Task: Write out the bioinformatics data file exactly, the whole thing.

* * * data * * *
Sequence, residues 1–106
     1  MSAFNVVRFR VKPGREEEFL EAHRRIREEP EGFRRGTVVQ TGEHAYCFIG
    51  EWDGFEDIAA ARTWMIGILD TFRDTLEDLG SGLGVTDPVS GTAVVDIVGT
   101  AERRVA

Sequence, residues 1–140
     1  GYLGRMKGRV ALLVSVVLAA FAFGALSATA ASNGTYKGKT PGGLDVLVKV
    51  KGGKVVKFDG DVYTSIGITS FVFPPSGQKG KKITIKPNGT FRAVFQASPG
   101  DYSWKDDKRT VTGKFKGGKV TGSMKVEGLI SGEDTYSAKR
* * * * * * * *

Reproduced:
Sequence, residues 1–106
     1  MSAFNVVRFR VKPGREEEFL EAHRRIREEP EGFRRGTVVQ TGEHAYCFIG
    51  EWDGFEDIAA ARTWMIGILD TFRDTLEDLG SGLGVTDPVS GTAVVDIVGT
   101  AERRVA

Sequence, residues 1–140
     1  GYLGRMKGRV ALLVSVVLAA FAFGALSATA ASNGTYKGKT PGGLDVLVKV
    51  KGGKVVKFDG DVYTSIGITS FVFPPSGQKG KKITIKPNGT FRAVFQASPG
   101  DYSWKDDKRT VTGKFKGGKV TGSMKVEGLI SGEDTYSAKR